Kudos to those who were savvy enough to figure out that I've been AFK for about three weeks - with the blog rolling merrily along on autopilot. Three things conspired to produce what readers saw: My blog service expired (my credit card number had changed and I hadn't updated the info for TypePad), I was very, very, very busy with volunteer work (my butt and sciatic joint are giving me fits from sitting, pounding on the keyboard so much), and it is Women's History Month. Thus, I left a slew of "wise" quotes of women.
We held a disaster training institute in Salina KS. Originally, we had 150 people signed up to take from 1 to 11 of the 34 sessions that were offered. Unfortunately, Kansas was hit with multiple wildfires a few days before the institute started. The fires included the largest, single wildfire in the history of the state. Translation: many of the people who had signed up to teach or take classes at the institute had to withdraw in order to serve on the disaster relief operation. That did not keep me from being busy. I spent much time preparing for the institute. Having taken my laptop with me, I spent 12-hour days sitting over it for three days - not to mention the time spent sitting in my car driving up and back. (Hunky Husband was to have taught a two-day class, but so many of his students had to drop out that we cancelled the class; thus, he did not go.) Back at home, I had to finish crediting everyone with the training they had taken and get a report put together on our event.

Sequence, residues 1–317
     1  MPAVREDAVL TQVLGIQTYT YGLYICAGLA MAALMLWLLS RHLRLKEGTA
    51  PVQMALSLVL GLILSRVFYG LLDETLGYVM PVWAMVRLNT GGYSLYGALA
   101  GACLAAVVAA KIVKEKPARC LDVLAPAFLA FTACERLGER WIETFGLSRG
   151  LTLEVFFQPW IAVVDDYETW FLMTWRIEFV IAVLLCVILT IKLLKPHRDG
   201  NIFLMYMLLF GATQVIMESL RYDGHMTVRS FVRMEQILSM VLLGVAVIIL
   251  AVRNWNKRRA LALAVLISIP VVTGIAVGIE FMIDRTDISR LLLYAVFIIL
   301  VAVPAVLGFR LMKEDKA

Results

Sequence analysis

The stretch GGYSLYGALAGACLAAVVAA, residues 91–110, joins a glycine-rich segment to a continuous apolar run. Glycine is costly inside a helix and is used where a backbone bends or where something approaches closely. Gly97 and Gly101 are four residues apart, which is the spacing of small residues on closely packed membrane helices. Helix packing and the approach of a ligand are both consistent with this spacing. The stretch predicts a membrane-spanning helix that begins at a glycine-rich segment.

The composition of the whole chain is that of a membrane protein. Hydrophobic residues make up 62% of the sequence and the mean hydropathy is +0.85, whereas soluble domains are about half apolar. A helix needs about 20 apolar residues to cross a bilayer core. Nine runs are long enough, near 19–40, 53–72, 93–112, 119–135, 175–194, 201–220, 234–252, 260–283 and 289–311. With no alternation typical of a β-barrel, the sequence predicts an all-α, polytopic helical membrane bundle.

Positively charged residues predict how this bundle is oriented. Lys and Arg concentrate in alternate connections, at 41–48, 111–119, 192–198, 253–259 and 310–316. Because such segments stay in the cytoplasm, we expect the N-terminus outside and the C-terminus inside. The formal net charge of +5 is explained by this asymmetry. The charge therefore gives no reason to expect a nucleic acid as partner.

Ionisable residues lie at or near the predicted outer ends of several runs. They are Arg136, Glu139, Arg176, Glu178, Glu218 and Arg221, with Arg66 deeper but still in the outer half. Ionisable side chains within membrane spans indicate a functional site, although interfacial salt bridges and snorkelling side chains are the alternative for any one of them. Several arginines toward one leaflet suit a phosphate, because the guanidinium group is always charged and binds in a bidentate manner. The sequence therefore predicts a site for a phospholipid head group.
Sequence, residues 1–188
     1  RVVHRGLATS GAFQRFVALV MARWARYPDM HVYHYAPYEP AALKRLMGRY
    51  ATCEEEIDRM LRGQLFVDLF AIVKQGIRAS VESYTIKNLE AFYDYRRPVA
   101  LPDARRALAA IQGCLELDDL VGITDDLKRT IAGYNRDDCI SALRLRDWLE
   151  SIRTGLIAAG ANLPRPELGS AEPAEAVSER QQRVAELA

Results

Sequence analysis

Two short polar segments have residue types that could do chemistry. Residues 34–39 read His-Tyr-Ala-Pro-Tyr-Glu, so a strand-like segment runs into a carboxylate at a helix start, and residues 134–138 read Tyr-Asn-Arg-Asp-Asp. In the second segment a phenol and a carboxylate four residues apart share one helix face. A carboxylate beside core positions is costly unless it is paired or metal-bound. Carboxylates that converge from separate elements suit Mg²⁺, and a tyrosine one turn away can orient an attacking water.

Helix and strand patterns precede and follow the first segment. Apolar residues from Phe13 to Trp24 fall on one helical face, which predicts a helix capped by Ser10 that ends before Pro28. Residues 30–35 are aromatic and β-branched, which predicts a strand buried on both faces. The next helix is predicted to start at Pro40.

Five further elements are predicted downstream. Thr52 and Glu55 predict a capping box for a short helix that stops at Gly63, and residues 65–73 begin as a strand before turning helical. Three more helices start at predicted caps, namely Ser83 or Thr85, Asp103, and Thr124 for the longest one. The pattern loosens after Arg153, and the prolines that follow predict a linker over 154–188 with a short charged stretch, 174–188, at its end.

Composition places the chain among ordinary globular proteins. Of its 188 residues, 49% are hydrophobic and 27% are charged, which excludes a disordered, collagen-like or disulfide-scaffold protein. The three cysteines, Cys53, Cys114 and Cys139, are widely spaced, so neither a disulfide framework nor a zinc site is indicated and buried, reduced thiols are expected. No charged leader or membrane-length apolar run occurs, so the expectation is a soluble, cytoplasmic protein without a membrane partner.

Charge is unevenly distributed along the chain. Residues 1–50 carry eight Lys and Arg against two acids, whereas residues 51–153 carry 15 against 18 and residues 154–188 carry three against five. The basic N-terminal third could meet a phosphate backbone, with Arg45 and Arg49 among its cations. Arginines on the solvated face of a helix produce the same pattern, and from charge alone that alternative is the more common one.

In the end, we had 24 instructors, 110 students (filling a total of 493 seats in classes), and a handful of support staff in attendance.
From the Wichita Eagle:
2017 March 8 - 4:29 PM
As I recall, winds gusted into the 70s (miles/hour) during a couple of days of the fires. It was reported that about 2000 firefighters worked the blazes in about 23 counties (Kansas comprises 105 counties). In Kansas (Oklahoma, Texas, and Colorado had wildfires at the same time) thousands of cattle were lost, somewhat fewer than 100 structures were destroyed, and one person died as a result of the fires. The one death in Kansas was a semi-trailer truck driver who drove into smoke that covered a highway, tried to back out of the smoke, jack-knifed the tractor/trailer, and was overcome by the smoke when he exited his cab. A few cars plowed into the jack-knifed tractor/trailer, but occupants received minor injuries. Five died in Texas.